Mark 16:9-20


Other Canonical, but non-Markan, Endings

Some later copyists felt uneasy with the crisp ending Mark had given to his account of the Gospel.  Over the years two different endings became attached.  One was quite brief, consisting simply of one further verse.

The other was more comprehensive, adding twelve more verses.  These contained a brief synopsis of some “appearance stories” of the risen Christ mentioned in the later Gospel of Matthew, in Luke's Gospel and his Acts of Apostles, and in epistles of Paul.

Scholars are unanimous in recognising that they were not written by Mark.  They are divided over whether they nevertheless can be accounted as canonical.


The Shorter Ending of Mark

9 And all that had been commanded them
they told briefly to those around Peter.
And afterwards Jesus himself sent out through them,
from east to west,
the sacred and imperishable proclamation of eternal salvation. 

The additional verses are included in only a small handful of old but not highly reliable manuscripts, and obviously do not reflect the direct and graphic style of Mark, nor his enigmatic conclusion.


The Longer Ending of Mark

Mark 16:9-20   Post-Resurrection Appearances of Jesus

Like the previous addition, this one, too, though better attested than the other and clearly existing by the middle of the second century, is not found in the most reliable manuscripts.

9 Now after he rose early on the first day of the week,
he appeared first to Mary Magdalene, 
from whom he had cast out seven demons. 
10 She went out and told those who had been with him,
while they were mourning and weeping. 
11 But when they heard that he was alive
and had been seen by her, 
they would not believe it.

John's Gospel had mentioned Mary Magdalen as the first one to find the empty tomb, and later to encounter the risen Jesus:

It was the first day of the week.  
Very early, while it was still dark,
Mary Magdalene came to the tomb,
and saw the stone removed from the tomb [John 20:1].
she turned round,
and saw Jesus standing there –
though she did not recognise that it was Jesus [John 20:14].

Though Mary's presence at the tomb was mentioned in Luke's Gospel, she did not actually encounter the risen Jesus but two men in brilliant clothes who told her and her companions that Jesus had risen.  The account of the cool reception of Mary's message by the apostles was taken from Luke's Gospel:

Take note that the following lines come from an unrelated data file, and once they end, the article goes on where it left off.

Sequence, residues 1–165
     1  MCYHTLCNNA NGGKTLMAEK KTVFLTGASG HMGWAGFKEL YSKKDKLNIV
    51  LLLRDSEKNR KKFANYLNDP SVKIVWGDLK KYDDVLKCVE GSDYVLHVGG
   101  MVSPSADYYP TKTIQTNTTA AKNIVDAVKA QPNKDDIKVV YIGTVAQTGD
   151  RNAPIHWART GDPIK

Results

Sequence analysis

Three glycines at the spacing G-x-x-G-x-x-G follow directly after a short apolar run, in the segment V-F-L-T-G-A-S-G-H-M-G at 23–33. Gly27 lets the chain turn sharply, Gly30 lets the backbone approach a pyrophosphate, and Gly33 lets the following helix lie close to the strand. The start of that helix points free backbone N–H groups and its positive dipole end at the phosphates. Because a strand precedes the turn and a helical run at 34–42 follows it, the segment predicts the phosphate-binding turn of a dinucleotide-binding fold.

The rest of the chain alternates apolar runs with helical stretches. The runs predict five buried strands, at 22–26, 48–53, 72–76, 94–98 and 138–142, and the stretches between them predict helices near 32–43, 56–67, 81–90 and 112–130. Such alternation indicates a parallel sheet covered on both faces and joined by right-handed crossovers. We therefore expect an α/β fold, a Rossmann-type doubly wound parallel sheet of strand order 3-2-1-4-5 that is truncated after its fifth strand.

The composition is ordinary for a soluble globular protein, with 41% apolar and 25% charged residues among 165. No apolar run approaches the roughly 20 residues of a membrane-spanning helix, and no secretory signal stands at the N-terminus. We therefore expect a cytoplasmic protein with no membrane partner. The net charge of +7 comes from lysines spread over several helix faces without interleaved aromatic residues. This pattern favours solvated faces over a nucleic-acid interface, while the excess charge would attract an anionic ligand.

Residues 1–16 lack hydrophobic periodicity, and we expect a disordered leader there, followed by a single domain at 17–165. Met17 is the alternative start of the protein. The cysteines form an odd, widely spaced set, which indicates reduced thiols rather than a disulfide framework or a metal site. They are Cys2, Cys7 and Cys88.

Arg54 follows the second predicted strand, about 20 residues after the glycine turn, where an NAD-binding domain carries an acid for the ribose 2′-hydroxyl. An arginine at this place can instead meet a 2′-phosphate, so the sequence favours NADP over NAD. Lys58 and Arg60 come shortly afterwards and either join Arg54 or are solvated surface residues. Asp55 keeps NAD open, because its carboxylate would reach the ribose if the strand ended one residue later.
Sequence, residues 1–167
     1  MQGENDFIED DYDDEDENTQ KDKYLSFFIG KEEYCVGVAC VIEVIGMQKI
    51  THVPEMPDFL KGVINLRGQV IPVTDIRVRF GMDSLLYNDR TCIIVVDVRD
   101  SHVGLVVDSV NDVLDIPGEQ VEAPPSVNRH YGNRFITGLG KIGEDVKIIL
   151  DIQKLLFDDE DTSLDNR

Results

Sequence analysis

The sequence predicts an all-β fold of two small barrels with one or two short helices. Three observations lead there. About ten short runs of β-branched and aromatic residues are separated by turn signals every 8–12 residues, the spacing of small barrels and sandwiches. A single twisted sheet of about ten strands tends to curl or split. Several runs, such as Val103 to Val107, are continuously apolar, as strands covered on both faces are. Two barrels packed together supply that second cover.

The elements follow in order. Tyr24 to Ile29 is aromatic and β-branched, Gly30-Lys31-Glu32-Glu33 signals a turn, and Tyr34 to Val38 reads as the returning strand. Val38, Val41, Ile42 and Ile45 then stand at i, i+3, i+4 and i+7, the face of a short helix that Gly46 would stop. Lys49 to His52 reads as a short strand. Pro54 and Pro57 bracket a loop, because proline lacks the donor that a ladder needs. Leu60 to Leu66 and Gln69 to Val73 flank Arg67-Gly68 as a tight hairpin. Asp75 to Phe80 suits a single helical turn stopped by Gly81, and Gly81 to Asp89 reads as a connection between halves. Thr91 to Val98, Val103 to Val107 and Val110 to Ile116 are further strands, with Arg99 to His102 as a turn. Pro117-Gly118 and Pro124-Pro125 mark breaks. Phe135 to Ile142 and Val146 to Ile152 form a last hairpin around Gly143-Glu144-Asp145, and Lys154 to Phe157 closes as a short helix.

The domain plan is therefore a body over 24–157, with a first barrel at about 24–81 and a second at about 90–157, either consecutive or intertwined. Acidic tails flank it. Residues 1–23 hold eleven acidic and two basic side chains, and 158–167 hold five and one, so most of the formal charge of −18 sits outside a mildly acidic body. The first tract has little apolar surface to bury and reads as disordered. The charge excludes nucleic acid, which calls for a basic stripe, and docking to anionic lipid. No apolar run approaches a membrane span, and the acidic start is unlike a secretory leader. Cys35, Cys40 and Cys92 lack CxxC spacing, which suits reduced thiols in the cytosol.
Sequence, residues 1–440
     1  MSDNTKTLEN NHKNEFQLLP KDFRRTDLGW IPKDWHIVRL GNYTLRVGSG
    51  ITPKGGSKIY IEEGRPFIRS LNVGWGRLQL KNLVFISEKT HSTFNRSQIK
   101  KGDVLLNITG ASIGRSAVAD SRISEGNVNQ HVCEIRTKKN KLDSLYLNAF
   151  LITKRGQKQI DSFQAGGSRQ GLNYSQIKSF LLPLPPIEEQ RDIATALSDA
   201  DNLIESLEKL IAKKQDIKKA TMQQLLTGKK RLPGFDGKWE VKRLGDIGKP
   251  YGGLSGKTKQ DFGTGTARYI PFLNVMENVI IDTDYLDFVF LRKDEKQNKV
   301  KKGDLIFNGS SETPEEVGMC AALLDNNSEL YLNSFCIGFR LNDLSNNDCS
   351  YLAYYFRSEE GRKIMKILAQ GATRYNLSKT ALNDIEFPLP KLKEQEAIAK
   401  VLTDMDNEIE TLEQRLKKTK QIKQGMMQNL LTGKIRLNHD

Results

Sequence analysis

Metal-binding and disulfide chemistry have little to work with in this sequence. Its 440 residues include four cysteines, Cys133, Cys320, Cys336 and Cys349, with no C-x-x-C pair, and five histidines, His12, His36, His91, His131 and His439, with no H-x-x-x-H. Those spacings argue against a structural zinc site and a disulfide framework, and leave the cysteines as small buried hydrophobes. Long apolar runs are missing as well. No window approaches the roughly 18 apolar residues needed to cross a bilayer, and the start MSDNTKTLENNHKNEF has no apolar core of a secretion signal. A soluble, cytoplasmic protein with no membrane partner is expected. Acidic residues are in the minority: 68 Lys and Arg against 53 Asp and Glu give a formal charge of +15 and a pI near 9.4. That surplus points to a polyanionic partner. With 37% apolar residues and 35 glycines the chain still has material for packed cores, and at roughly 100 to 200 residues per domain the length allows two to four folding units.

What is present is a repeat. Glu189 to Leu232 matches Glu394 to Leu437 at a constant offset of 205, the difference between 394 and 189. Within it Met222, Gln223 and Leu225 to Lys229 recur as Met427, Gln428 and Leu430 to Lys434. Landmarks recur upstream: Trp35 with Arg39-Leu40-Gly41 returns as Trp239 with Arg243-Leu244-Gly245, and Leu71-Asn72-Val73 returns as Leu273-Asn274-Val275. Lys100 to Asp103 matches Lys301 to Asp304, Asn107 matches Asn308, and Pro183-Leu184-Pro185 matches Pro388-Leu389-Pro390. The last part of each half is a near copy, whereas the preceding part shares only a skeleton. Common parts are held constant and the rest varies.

Now it was Mary Magdalene,
(Joanna, Mary the mother of James, and the other women with them)
who told this to the apostles.
But these words seemed to them an idle tale,
and they did not believe them [Luke 24:10-11]
12 After this he appeared in another form to two of them,
as they were walking into the country. 
13 And they went back and told the rest,
but they did not believe them.

The reference is obviously to the story of Jesus' encounter with two disciples on their way to Emmaus, as recounted in Luke's Gospel [Luke 24.35].  It is interesting to note the editorial comment referring to Jesus appearing in another form.  The Emmaus story is an indirect reference to later disciples' encounter with the risen Jesus in the celebration of Eucharist.

14 Jesus appeared to the eleven
while they were at table.
and he upbraided them for their lack of faith and stubbornness, 
because they had not believed
those who saw him after he had risen.

The observation was again taken from Luke's Gospel:

Jesus himself stood among them and said to them,
‘Peace be with you.’
They were startled and terrified,
and thought that they were seeing a ghost.
He said to them, ‘Why are you frightened,
and why do doubts arise in your hearts?'  [Luke 24:36-38]
15 He said, “Go out into the whole world.  
Proclaim the good news to the entire creation. 
16 Whoever believes and is baptised will be saved;
whoever does not believe will be condemned. 

The passage this time was based on the conclusion of Matthew's Gospel, though it went beyond what Matthew in fact had written:

Go now and make disciples of all the nations,
baptising people
into the name of the Father and the Son and the Holy Spirit.  
Teach them to observe all that I enjoined on you  [Matthew 28:19-20].

The "salvation/condemnation" alternatives reflect more the dualistic style often found in John's Gospel, though the earnestness of the decision and the use of threat were also dear to the heart of Matthew.

17 These signs will accompany those who believe:  
They will cast out demons in my name;
they will speak in new languages;
18 they will pick up snakes;
if they drink anything lethal, it will not harm them.  
They will lay their hands on those who are ill
and they will get well.